Every year, 40 million Americans (and even entire offices) play fantasy football, “drafting” players from across the NFL for their virtual teams and competing for money and bragging rights. Maybe you have a virtual team in the locker room as you’re reading this! But where did the concept of fantasy football start?
According to the Encyclopedia Britannica, the gridiron trend began in a New York City hotel room in 1962 — a night that changed football forever. There, a group of friends led by Oakland Raiders part-owner Bill Winkenbach created the first fantasy football league. They dubbed it the Greater Oakland Professional Pigskin Prognosticators League — or GOPPPL for short. Apart from the point values assigned to different accomplishments on the field, their original model wasn’t very far off from the fantasy football of today.
“The league members would ‘draft’ actual National Football League (NFL) and American Football League … players to their fantasy franchises, and on the basis of the actual performance of those players in games, the members would accrue points and compete against each other,” the encyclopedia reports.
Early fantasy football leagues were complicated undertakings. In the days before the internet, members had to agree to reference the box scores in a particular newspaper’s sports pages and “draft” their teams in the same room on long phone calls, or even via snail mail.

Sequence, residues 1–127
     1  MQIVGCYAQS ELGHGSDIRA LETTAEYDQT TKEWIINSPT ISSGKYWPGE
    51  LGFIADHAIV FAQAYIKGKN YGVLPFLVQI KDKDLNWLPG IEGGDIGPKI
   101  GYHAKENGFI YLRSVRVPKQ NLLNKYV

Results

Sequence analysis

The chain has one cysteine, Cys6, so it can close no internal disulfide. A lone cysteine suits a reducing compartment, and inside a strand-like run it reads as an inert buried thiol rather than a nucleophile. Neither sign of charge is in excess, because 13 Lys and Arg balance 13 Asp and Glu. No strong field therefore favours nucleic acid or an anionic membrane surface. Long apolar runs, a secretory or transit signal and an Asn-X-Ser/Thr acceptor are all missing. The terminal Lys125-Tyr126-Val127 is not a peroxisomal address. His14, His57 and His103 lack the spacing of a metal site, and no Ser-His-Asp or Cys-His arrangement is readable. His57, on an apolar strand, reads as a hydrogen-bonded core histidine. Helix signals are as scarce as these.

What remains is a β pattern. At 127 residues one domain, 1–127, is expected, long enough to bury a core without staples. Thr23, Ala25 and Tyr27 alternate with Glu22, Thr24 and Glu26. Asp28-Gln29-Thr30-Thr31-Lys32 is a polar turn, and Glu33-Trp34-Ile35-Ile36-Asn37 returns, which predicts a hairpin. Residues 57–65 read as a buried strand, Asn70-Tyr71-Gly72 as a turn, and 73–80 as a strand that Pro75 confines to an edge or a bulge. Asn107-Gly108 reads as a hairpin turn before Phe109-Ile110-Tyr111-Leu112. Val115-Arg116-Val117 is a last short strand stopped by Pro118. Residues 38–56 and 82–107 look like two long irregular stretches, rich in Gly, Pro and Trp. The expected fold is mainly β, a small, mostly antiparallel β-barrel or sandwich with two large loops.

CBS Sports began offering online fantasy football leagues in 1997, and today it’s even easier to play. The sport is built right into the NFL website (Fantasy.NFL.com), and you can join a free league or start a league of your own with a click! Whether you’re a former player or a superfan who wants to play coach for a day, fantasy is a great way to stake a personal claim in the sport and connect with friends while you do it.
Check out the article “How to Play Fantasy Football: A Beginner’s Guide” on NFL.com to learn the basics. It’s updated annually, so make sure you hunt down the 2021 version! When you start, don’t forget to salute Winkenbach, the official “Father of Fantasy Sports.”